Three jQuery Plugins We Wrote (And One We Love)
Here in Hashrocket Front-End Coding Land, we like our plugins lightweight, manageable and practical. Inevitably, this has resulted in some custom plugins that tend to find their way onto pretty much every project in one form or another. Here are four of those plugins, in no particular order. Hopefully one or more of these will help make your life easier as well.
This is Shane's newest creation – a lightweight solution to an issue that's been plaguing us for a while. We tried dummyimage.com, but it would occasionally bog down. In a moment of desperation, I even switched over to placekitten.com for a while, and that - while undeniably adorable - also had performance issues.
One of our guys wrote a Ruby gem to generate placeholder images, but one day Shane realized that this problem could be solved in a platform-independent manner using Canvas, and dummy_image.js was born.
Check out the Dummy Image site here and throw it into your next project. It's a piece of cake to use and has become a standard part of every new project here.
We work on a lot of management UI, and inevitably it'll make sense to show something in a modal (lightbox, popup, whatever you want to call it). After messing with an assortment of prebuilt plugins, Shane rolled our own a while back, and it's been evolving from project to project.
The latest version has been ported to CoffeeScript and weighs in at a trim 3kb when minified. Check it out on Github – while other plugins may have more options & features, we love this one because it generates minimal markup, is easily customizable, and does exactly what we need it to do.
Chosen is a select-box enhancer written & maintained by the good people at Harvest. It takes a standard dropdown and replaces it with a prettier one, complete with a search field and very nice multiple-select capability.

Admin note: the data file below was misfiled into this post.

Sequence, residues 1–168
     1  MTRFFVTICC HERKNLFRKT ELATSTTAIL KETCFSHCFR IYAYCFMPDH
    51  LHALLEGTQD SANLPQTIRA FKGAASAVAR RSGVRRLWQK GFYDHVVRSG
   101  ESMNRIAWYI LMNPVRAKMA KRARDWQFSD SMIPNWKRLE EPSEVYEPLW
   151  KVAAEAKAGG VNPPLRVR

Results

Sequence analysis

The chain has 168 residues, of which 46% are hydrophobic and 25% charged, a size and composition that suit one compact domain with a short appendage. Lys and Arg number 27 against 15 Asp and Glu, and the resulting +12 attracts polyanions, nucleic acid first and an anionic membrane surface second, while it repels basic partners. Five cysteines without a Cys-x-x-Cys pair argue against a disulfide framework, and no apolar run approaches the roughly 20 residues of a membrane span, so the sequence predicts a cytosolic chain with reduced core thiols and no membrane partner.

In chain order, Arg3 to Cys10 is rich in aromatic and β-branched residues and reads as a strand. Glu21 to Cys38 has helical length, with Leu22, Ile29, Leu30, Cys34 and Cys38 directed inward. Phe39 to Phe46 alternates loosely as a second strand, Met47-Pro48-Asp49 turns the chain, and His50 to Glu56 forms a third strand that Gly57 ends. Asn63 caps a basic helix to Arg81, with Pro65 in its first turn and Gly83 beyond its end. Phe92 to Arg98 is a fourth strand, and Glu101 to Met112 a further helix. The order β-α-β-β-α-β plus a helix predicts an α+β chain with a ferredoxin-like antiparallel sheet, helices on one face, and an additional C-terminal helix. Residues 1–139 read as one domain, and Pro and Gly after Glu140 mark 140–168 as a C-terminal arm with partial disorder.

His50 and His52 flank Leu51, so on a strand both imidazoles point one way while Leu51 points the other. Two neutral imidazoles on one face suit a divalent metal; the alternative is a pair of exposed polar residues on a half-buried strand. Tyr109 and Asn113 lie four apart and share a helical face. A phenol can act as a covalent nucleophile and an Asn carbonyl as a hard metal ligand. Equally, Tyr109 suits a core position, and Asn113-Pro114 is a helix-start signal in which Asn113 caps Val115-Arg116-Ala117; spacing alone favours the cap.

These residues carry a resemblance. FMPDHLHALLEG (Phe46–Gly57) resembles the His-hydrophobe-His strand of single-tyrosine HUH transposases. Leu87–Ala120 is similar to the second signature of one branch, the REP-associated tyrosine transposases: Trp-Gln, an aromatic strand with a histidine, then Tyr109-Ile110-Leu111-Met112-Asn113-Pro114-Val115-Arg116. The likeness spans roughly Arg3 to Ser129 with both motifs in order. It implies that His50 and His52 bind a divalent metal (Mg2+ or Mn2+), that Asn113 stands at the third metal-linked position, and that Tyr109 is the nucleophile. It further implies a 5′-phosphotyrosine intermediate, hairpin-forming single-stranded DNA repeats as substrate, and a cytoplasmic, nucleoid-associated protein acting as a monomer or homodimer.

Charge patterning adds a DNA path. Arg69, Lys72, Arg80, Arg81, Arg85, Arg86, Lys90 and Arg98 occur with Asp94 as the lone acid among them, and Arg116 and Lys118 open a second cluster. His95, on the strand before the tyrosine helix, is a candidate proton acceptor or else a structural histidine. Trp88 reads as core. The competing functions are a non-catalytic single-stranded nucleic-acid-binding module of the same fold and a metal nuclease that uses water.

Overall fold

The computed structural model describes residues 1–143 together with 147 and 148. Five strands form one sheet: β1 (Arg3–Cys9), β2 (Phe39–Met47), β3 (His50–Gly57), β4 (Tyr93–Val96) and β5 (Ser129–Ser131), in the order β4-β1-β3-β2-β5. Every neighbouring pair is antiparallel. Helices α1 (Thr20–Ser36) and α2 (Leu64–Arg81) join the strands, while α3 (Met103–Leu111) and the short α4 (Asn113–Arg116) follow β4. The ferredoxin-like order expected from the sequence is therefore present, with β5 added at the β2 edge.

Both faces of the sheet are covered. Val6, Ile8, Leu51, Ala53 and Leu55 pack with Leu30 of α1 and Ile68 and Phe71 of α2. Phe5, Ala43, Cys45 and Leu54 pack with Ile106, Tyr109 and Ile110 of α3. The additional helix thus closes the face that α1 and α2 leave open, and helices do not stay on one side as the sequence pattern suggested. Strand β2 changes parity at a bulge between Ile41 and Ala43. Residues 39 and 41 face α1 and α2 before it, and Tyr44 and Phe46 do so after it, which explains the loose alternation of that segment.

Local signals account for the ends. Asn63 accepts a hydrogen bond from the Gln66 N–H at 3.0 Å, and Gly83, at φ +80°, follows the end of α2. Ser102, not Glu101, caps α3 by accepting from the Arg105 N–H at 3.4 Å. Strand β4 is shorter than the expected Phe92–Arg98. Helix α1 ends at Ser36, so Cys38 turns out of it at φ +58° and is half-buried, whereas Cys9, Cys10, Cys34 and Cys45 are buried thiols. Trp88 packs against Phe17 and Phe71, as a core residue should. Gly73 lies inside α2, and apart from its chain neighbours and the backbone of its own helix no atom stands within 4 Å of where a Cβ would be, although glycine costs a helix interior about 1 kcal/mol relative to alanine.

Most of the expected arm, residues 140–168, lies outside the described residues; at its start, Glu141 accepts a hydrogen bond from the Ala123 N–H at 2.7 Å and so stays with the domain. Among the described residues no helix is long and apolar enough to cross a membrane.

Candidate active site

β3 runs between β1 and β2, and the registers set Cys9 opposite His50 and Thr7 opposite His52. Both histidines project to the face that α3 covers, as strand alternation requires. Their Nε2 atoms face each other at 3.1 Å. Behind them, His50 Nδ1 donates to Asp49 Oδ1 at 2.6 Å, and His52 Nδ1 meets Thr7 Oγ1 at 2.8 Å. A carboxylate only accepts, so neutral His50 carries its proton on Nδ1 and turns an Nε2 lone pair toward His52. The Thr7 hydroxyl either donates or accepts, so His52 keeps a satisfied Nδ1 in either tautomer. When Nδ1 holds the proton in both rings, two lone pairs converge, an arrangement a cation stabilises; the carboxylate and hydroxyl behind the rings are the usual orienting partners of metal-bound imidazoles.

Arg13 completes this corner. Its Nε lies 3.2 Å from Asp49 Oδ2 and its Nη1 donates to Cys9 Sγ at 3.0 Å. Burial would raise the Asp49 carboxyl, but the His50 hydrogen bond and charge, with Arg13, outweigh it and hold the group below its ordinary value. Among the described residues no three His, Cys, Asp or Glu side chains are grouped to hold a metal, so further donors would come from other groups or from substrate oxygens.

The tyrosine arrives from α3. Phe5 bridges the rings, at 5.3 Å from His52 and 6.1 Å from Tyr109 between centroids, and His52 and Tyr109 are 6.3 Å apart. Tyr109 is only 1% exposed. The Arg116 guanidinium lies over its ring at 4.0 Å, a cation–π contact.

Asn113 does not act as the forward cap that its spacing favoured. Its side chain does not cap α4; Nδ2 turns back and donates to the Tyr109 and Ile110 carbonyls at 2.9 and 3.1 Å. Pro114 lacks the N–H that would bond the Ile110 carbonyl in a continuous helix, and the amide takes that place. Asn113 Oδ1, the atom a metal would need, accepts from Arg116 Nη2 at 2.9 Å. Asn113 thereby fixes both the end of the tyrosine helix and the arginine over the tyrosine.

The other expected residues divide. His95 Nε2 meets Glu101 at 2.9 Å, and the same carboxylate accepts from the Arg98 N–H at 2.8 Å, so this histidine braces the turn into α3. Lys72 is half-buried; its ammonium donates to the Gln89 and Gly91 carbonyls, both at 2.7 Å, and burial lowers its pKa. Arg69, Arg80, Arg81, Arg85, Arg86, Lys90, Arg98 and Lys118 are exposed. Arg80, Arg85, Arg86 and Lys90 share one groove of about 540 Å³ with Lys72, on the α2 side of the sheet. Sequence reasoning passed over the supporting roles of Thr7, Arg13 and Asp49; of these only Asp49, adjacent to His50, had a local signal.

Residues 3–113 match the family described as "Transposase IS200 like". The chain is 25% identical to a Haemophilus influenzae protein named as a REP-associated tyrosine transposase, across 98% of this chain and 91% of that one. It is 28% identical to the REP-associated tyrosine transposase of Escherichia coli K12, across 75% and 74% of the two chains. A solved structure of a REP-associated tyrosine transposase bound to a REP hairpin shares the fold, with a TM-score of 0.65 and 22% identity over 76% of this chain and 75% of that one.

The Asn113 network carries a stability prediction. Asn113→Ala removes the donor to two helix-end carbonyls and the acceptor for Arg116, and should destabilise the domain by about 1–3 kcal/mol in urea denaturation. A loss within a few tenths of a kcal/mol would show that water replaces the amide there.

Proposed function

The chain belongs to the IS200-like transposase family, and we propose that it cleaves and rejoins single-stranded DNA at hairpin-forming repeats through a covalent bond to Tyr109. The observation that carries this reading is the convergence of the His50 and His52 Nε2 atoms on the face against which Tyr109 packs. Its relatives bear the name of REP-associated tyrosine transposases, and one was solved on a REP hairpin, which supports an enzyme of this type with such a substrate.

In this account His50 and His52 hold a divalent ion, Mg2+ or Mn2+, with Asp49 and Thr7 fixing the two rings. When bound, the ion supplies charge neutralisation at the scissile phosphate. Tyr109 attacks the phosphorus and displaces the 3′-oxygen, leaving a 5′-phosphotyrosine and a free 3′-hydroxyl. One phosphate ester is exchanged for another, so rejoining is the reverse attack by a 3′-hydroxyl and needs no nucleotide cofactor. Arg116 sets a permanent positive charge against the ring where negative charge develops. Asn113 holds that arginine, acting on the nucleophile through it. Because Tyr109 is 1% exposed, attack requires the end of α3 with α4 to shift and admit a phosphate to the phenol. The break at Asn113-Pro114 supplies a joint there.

We run across scaling issues with dropdowns fairly often in our projects, and Chosen's autofill UI has become our standard fallback with any situation where a select box has to handle more than a handful of options. Although it's not particularly easily restylable, the design is tasteful enough that a restyle isn't really needed; it fits in nicely with standard browser controls.
Here's the homepage for Chosen – check it out, you'll undoubtedly have a use for it.
Ah, the infamous date picker. Every once in a while, a bit of UI will require the user to choose a date, and that's where the fun begins. Back before Minical, we'd wrangle together some jQuery UI codeball, plop in the jQuery UI Datepicker, and hope for the best.
I finally couldn't take it anymore, realized that a good datepicker plugin was well within my capabilities as a designer-who-also-does-frontend-coding, and Minical was born.
I have a little site for it here with more info and examples. I recently rewrote it from the ground up in CoffeeScript, which resulted in a good learning experience and a vastly improved codebase. It's easy to customize and super-lightweight; I've been adding features as we've needed them. If you just need a calendar and don't need all of the extra features that jQuery UI provides, Minical just might be for you.